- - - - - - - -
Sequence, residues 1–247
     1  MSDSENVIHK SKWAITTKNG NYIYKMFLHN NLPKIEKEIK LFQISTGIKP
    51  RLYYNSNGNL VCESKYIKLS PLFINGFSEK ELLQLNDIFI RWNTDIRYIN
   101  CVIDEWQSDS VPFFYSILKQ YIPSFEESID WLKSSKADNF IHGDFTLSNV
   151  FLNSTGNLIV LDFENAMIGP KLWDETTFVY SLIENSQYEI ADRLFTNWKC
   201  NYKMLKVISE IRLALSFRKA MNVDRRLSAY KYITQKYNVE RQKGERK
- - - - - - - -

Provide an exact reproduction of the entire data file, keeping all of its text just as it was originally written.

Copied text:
Sequence, residues 1–247
     1  MSDSENVIHK SKWAITTKNG NYIYKMFLHN NLPKIEKEIK LFQISTGIKP
    51  RLYYNSNGNL VCESKYIKLS PLFINGFSEK ELLQLNDIFI RWNTDIRYIN
   101  CVIDEWQSDS VPFFYSILKQ YIPSFEESID WLKSSKADNF IHGDFTLSNV
   151  FLNSTGNLIV LDFENAMIGP KLWDETTFVY SLIENSQYEI ADRLFTNWKC
   201  NYKMLKVISE IRLALSFRKA MNVDRRLSAY KYITQKYNVE RQKGERK